On 15 July, Cook wrote in his journal: “Gentle breezes at South-East and East. P.M., got on board the Spare Sails and sundry other Articles. In the A.M., as the people did not work upon the Ship, one of the Petty Officers was desirous of going out to Catch Turtles. I let him have the Pinnace for that purpose, and sent the Long boat to haul the Sean, who caught about 60 fish.” The invaders must surely have rejoiced at this haul of sea creatures, destined, no doubt, to be cooked and eaten.

The next day, Cook’s journal records, “In the evening the Yawl came in with 4 Turtle and a Large Sting ray, and soon after went out again; but the Pinnace did not return as I expected.”

Then, on 17 July, another journal entry: “In the evening the Pinnace returned with 3 Turtles, 2 of which the Yawl caught and sent in”, recording the arrival of yet more bounty—before continuing with a lengthy technical discussion of astronomical phenomenon: “At 7 hours 41 minutes 17 seconds p.m. observ’d the first Satellite of Jupiter to Emerge …”

The area surrounding the Waalbumbaal Birri (Endeavour River)

What are we to make of this regular fishing-and-catching activity of the British? From one point of view—from the perspective of the invading sailors, arriving at this place from their sea journey—this natural bounty was there to be caught and used for their own purposes. There was no sign that announced “Trespassers Will Be Prosecuted”. There was no expectation, in their minds, that these animals were there for any other reason, than to be observed, analysed, caught, and eaten.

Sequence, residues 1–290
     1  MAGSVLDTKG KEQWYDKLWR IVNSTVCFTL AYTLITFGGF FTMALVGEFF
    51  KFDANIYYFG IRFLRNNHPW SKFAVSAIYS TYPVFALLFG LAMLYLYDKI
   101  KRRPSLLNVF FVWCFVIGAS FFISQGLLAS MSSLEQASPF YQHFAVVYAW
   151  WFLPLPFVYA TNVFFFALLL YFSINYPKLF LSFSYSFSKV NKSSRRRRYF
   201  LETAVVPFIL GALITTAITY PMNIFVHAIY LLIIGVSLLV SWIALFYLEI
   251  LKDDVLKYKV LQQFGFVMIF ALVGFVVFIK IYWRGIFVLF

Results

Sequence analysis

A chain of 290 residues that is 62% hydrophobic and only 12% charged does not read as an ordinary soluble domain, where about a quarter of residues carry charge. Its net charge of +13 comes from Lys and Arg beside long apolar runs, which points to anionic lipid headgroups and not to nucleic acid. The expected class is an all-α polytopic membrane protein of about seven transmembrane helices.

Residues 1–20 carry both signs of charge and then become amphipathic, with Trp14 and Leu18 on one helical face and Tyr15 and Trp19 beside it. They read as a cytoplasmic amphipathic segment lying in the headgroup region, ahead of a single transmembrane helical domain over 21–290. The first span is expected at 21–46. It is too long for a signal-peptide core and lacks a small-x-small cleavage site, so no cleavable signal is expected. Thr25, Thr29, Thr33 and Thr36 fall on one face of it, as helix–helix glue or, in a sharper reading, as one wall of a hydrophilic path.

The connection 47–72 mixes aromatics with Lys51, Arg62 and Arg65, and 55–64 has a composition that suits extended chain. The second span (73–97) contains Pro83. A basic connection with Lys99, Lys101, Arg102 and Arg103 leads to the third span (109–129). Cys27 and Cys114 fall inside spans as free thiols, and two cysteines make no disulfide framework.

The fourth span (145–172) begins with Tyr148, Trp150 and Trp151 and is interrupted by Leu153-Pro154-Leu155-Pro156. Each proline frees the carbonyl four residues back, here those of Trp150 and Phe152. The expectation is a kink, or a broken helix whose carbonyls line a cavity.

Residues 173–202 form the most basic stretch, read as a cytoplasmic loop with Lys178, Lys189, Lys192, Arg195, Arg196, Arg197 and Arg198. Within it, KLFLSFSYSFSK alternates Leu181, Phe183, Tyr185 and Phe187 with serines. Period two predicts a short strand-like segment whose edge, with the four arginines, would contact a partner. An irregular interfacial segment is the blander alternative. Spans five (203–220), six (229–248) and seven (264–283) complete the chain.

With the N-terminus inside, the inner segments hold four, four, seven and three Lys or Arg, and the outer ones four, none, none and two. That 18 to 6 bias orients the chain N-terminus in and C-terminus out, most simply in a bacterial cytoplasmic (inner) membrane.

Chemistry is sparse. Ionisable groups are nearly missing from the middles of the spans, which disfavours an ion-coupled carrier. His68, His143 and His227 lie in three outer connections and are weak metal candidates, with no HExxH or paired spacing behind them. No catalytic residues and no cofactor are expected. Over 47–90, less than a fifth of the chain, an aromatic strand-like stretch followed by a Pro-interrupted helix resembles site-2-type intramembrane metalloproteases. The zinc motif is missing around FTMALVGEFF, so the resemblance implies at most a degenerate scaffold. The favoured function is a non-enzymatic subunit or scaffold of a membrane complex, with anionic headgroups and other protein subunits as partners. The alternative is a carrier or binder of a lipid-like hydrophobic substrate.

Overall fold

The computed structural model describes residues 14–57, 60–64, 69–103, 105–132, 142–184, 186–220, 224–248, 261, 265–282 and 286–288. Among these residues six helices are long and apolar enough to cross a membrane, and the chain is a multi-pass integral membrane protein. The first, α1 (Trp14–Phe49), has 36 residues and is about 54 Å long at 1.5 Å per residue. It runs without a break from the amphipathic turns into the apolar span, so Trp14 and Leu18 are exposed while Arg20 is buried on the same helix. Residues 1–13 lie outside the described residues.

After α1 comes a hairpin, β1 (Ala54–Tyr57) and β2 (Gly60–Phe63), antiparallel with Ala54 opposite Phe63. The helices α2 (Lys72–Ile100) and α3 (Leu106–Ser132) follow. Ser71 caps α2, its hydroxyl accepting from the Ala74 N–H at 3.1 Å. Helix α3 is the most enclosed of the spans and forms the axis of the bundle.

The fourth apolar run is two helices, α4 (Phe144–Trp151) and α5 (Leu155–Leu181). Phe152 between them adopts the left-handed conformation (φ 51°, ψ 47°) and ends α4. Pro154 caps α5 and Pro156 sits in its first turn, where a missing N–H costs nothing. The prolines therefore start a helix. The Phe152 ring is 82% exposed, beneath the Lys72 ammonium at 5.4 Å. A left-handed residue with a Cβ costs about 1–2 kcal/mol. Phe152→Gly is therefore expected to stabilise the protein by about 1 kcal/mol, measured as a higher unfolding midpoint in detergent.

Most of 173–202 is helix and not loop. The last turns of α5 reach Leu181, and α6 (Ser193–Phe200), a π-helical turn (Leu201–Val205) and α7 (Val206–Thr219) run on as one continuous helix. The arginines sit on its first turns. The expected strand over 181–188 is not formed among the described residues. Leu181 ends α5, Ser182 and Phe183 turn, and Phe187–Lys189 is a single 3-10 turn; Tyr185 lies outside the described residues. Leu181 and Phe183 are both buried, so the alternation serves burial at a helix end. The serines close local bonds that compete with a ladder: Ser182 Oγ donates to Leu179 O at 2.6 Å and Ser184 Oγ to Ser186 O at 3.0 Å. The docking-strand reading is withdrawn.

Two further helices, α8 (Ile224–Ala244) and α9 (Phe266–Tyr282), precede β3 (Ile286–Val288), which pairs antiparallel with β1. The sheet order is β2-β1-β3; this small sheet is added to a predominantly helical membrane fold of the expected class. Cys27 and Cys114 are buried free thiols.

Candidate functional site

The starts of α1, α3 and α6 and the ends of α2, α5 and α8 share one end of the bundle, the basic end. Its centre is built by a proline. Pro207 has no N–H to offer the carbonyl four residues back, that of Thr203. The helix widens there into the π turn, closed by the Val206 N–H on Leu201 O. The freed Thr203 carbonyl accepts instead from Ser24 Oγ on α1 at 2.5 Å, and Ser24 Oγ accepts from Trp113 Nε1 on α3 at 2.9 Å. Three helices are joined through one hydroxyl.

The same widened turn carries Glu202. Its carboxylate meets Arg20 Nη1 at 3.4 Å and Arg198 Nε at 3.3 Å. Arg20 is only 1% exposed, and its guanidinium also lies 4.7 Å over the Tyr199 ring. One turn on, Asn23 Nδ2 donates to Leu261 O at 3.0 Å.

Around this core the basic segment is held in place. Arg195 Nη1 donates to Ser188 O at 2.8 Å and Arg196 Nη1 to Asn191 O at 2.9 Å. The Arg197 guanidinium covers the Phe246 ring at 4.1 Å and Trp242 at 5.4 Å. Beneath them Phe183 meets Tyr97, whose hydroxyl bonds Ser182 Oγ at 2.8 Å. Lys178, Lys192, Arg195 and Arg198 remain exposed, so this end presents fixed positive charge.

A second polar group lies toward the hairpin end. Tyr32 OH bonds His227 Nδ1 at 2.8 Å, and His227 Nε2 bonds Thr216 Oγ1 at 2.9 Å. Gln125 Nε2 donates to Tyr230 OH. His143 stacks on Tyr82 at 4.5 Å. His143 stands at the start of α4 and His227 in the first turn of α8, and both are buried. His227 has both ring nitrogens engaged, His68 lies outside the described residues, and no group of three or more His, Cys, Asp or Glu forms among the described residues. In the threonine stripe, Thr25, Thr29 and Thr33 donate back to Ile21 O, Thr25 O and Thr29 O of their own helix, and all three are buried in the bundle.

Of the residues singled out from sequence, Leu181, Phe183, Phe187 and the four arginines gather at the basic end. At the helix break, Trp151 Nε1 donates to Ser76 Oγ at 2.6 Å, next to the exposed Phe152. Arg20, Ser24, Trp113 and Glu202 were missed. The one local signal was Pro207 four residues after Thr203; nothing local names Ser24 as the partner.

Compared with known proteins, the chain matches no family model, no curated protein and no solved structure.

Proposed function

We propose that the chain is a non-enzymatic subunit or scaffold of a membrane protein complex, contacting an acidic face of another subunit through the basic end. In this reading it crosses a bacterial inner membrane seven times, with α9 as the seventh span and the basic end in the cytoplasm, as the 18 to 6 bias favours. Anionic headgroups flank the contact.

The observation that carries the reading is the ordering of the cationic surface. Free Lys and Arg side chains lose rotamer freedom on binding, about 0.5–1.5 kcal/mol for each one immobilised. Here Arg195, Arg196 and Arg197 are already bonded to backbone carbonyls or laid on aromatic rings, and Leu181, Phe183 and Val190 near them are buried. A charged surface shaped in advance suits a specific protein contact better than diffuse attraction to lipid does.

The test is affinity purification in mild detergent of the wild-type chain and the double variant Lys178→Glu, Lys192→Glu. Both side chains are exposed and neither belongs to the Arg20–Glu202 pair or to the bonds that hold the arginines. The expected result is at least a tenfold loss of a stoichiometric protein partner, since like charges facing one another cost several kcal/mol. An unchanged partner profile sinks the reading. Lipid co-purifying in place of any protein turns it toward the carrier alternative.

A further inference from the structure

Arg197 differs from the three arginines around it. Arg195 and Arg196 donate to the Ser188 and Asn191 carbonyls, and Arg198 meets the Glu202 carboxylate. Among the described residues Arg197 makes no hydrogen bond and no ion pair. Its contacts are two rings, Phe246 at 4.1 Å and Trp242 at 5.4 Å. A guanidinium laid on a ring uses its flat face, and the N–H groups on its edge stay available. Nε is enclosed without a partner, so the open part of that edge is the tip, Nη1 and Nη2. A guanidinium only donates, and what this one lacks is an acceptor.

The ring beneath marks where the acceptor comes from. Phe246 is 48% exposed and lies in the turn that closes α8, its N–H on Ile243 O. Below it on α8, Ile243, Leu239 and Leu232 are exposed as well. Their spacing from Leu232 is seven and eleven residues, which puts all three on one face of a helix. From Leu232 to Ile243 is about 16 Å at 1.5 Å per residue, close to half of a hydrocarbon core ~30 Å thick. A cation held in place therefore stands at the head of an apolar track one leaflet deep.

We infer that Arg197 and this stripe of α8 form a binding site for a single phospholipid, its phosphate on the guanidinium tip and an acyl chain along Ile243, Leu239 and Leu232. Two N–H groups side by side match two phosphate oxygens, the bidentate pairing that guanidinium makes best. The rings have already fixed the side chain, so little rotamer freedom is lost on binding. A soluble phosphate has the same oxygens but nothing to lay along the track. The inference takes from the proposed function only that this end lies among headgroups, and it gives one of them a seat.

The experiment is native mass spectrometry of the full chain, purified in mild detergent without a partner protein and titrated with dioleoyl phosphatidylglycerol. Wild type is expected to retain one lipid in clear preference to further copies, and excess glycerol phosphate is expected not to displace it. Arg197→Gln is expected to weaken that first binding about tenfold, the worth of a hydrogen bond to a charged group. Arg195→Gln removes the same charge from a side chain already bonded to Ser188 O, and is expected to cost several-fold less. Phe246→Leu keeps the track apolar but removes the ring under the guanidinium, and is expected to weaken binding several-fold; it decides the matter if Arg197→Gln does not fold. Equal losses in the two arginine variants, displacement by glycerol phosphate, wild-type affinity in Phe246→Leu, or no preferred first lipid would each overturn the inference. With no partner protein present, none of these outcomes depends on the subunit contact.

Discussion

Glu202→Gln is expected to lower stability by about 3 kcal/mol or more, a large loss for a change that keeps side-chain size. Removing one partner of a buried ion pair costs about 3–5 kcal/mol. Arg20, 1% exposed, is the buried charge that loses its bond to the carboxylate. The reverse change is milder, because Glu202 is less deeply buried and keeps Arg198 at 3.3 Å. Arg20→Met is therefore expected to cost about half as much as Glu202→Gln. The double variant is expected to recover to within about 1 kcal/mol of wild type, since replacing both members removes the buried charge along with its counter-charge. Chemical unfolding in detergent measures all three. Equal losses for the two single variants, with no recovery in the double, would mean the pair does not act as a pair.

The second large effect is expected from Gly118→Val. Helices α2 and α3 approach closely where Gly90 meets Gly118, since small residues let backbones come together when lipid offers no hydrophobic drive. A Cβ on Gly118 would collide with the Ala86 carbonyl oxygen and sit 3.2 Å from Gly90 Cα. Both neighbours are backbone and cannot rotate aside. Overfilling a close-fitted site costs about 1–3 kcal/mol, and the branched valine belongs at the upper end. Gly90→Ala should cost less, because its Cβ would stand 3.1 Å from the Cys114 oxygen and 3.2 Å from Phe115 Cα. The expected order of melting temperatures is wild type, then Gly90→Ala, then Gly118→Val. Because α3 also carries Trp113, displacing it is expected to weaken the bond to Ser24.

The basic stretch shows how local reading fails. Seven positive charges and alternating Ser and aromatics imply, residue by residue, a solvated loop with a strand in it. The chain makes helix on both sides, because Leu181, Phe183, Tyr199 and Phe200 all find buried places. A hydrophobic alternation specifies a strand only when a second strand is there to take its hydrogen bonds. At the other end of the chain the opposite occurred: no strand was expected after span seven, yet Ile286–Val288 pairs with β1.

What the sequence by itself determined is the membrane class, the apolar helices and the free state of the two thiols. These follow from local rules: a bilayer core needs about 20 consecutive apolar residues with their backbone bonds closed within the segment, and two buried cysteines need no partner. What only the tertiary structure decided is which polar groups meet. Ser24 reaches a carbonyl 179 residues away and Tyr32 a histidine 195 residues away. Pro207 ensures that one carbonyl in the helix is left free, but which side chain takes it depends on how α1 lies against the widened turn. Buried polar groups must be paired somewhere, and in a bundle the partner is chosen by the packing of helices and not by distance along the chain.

But from the point of view of the people on the land—the Guugu Yimithirr who had lived on and cared for the land for millennia—this was their land, their river, their ocean, and their creatures. Theirs, not in the sense of personal possession and ownership; but theirs, in the sense of given over to them to care for and nurture, for which they bore an enduring custodial responsibility. What would they have made of the regular forays to capture their fish and turtles?

(The indigenous understanding of relationship to the land, articulated as one of sovereignty, is clearly expressed in the Statement from the Heart; see https://ulurustatement.org/the-statement. On the Uniting Church attitude towards the sovereignty of the land of Australia, see https://johntsquires.com/2018/10/13/on-covenant-reconciliation-and-sovereignty/)